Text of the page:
Ask the Employment Law Attorney: Napping on the Job – Can an Employee with a Sleep Disorder be Fired?

Question:  I can only sleep two to four hours a night.  A doctor says I can work only eight hours a day as a result of this.  My employer says they’ll fire me if I don’t agree to work against doctor’s orders.  Can they do this?

Answer:  One’s failure to sleep well can be a disability, and one who suffers insomnia may be protected from employment termination under the Americans with Disabilities Act (“ADA”).  The ADA protects an employee from termination or retaliation based on an actual or perceived disability.

However, doctor’s orders don’t guide employers or courts – the facts on the ground do.  The ADA defines a “disability” as “a physical or mental impairment that substantially limits one or more major life activities of such individual.”42 U.S.C. § 12102(a)(A). Thus, having a “physical or mental impairment” is not sufficient on its own to establish an ADA-cognizable disability, nor is showing that the impairment affects “one or more major life activities.”  An individual must also show she is “substantially limit[ed]” as a result of the impairment. See Sutton v. United Airlines, Inc., 527 U.S. 471, 489 (1999). 

The term “substantially” as used in the ADA, is “to be interpreted strictly to create a demanding standard for qualifying as disabled.” Toyota Motor Mfg., Ky., Inc. v. Williams, 534 U.S. 184, 197 (2002). “[A]n individual must have an impairment that prevents or severely restricts the individual from doing activities that are of central importance to most people’s daily lives. The impairment’s impact must also be permanent or long term.” Id. at 198. As the Supreme Court explained: “It is insufficient for individuals attempting to prove disability status under this test to merely submit evidence of a medical diagnosis of an impairment. Instead, the ADA requires those claiming the Act’s protection . . . to prove a disability by offering evidence that the extent of the limitation [caused by their impairment] in terms of their own experience . . . is substantial.” Id.; see also Sutton, 527 U.S. at 482 (“A ‘disability’ exists only where an impairment ‘substantially limits’ a major life activity, not where it ‘might,’ ‘could,’ or ‘would’ be substantially limiting if  mitigating measures were not taken.”).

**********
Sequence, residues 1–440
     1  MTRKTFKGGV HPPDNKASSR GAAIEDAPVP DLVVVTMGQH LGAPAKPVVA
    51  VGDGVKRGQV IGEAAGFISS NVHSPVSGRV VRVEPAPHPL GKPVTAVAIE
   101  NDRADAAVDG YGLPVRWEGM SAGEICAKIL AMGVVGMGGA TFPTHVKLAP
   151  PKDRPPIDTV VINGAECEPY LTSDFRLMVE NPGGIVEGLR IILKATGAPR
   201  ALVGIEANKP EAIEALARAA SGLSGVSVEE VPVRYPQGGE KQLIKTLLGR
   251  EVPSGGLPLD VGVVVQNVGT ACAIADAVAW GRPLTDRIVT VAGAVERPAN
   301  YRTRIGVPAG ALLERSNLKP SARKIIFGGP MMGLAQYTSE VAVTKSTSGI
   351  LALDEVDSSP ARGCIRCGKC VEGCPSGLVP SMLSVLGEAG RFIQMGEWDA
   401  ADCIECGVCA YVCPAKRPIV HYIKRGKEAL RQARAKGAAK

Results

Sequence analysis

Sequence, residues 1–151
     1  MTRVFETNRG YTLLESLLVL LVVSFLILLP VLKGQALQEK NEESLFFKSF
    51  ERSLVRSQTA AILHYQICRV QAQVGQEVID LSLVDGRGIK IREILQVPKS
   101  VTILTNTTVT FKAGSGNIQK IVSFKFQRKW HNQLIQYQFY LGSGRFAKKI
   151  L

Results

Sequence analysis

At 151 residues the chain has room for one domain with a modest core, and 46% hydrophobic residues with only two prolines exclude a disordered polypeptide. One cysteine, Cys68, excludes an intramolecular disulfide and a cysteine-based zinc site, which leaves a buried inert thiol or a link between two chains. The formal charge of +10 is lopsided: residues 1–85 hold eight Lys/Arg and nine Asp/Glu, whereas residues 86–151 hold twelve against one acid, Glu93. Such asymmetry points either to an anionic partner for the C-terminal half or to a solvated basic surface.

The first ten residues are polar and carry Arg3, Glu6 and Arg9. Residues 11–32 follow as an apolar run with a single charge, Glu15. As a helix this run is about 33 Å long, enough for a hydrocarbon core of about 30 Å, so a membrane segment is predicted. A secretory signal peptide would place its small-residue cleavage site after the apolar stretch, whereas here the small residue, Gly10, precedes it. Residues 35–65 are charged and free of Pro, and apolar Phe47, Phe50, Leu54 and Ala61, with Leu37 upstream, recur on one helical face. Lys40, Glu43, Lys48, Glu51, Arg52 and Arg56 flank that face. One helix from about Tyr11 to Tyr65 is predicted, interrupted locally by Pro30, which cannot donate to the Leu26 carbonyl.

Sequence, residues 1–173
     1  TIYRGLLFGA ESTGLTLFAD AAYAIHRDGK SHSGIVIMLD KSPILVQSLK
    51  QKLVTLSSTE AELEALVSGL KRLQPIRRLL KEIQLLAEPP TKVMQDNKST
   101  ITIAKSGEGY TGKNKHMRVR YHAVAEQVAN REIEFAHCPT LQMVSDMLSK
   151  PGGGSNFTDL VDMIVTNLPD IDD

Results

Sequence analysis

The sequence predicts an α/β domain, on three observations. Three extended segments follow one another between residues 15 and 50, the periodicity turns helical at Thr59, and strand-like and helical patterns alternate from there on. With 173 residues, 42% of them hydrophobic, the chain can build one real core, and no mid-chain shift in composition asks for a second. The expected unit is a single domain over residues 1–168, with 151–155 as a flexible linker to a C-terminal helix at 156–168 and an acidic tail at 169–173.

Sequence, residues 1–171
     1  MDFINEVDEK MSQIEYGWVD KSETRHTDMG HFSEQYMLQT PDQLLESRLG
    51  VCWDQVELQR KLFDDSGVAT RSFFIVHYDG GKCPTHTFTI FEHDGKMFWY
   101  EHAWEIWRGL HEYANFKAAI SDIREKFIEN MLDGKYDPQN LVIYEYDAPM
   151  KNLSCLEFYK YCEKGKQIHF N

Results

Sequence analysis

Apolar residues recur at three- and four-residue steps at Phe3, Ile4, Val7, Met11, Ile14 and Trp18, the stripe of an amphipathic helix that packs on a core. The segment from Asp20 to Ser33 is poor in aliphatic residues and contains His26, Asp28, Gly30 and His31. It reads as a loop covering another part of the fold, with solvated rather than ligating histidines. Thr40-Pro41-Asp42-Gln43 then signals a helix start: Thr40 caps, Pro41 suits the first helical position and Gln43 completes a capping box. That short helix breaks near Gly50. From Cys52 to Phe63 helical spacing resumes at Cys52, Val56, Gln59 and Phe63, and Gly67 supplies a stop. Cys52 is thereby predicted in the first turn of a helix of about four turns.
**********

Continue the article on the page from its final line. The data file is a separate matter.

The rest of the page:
This was the problem for the plaintiff in the recently decided case of Anderson v. Discovery Communications, LLC, No. 11-2195 (4th Cir. April 5, 2013).  In that case, the plaintiff had a doctor’s note indicating that she should only work eight hours per day.  Her employer terminated her, complaining that she had poor interpersonal skills and questionably honesty.  She responded that this was a pretext for discrimination based on her medical condition. However, the court dismissed her case because she failed to show that she was “substantially” limited as a result of her impairment.  Indeed, one of her former doctors noted that she awoke “refreshed” and there was no evidence that her fatigue affected her job performance in any way. For Ms. Anderson, her termination was sustained.  However, it is easy to conceive of circumstances where one’s sleep disorder could give rise employment protections under the ADA.

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